"This book is a key resource for any computer science student and is certainly faithful to its title - Programming Language Pragmatics. The updated third edition of this popular book delivers the key concepts of programming languages and their implementation in a concise and intuitive way, illustrated with clear explanations and examples. In addition to the coverage of traditional language topics, Scott's book delves into the sometimes obscure, but essential, details of programming artifacts. The descriptions of language theory, along with concrete implementations of how to realise them, are invariably presented in a language-agnostic fashion. And therein lies the strength of this book: whilst the main examples have been updated (with C and Intel x86 replacing Pascal and MIPS), it provides an organisational framework for learning new languages, irrespective of the paradigm. Programming Language Pragmatics provides a more accessible introduction to many of the key topics than the classic Compilers: Principles, Techniques and Tools by Aho et al. (a.k.a. the 'Dragon Book') and provides a deep appreciation of the design and implementation issues of modern languages. The material is aimed at an undergraduate computer science level, but is also suitable for self-study. Topics are often independent of previously presented material, making it easier to pick and choose areas for study. This is also supported by additional in-depth material and advanced discussion topics on the companion CD.. In summary, this new edition provides both students and professionals alike a solid understanding of the most important issues driving software development today - an essential purchase for any serious programmer or computer scientist!"--BCS.com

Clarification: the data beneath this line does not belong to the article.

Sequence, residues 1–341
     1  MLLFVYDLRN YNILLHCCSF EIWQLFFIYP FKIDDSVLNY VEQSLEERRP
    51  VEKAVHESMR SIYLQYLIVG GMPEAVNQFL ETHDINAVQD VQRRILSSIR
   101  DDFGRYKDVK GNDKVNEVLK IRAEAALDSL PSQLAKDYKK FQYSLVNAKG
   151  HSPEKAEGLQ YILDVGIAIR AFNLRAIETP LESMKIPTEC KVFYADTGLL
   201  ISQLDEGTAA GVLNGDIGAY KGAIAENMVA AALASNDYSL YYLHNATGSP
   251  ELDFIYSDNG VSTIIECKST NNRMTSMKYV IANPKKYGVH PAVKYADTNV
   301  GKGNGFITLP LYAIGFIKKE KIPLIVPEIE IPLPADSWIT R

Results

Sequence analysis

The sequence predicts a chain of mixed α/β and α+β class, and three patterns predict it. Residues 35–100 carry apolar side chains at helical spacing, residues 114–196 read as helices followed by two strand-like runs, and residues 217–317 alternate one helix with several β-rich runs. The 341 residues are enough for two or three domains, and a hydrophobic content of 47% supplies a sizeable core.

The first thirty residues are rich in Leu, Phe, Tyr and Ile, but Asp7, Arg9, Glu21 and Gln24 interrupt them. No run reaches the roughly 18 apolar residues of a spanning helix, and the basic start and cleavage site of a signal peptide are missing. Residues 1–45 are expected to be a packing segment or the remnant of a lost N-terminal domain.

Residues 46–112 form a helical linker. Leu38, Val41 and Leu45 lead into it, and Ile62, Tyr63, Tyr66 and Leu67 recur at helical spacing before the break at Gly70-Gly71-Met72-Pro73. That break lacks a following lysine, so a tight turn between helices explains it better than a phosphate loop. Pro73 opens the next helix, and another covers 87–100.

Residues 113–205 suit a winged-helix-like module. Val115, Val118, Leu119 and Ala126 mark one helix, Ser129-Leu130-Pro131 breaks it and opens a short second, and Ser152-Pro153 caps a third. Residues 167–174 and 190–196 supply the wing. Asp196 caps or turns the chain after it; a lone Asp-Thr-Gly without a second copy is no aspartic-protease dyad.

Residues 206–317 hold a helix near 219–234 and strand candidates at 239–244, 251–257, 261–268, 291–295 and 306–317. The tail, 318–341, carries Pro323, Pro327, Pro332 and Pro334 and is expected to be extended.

About the Author
Michael L. Scott is a professor in the University of Rochester's Department of Computer Science, which he chaired from 1996 to 1999. He is the designer of the Lynx distributed programming language and a co-designer of the Charlotte and Psyche parallel operating systems, the Bridge parallel file system, the Cashmere distributed shared memory system, and the MCS mutual exclusion lock. He received his Ph.D. from the University of Wisconsin-Madison in 1985.